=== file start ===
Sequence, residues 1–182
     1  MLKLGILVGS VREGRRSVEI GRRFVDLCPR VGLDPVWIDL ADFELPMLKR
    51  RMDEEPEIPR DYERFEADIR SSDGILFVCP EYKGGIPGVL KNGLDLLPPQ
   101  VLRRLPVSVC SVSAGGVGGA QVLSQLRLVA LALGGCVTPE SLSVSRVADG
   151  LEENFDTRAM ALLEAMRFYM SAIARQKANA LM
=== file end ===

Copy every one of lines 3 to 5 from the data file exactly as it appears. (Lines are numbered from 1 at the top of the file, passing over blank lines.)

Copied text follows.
    51  RMDEEPEIPR DYERFEADIR SSDGILFVCP EYKGGIPGVL KNGLDLLPPQ
   101  VLRRLPVSVC SVSAGGVGGA QVLSQLRLVA LALGGCVTPE SLSVSRVADG
   151  LEENFDTRAM ALLEAMRFYM SAIARQKANA LM